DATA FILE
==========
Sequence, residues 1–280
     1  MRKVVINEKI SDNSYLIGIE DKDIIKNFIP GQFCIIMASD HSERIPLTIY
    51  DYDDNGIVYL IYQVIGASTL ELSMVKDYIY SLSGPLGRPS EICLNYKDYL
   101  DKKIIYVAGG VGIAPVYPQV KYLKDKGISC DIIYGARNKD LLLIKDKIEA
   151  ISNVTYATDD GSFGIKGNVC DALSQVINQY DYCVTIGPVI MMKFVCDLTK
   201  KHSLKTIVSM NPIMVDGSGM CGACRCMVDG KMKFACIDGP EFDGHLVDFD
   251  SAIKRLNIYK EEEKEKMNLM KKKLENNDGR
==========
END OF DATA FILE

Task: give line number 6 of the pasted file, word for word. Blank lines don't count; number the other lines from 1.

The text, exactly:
   201  KHSLKTIVSM NPIMVDGSGM CGACRCMVDG KMKFACIDGP EFDGHLVDFD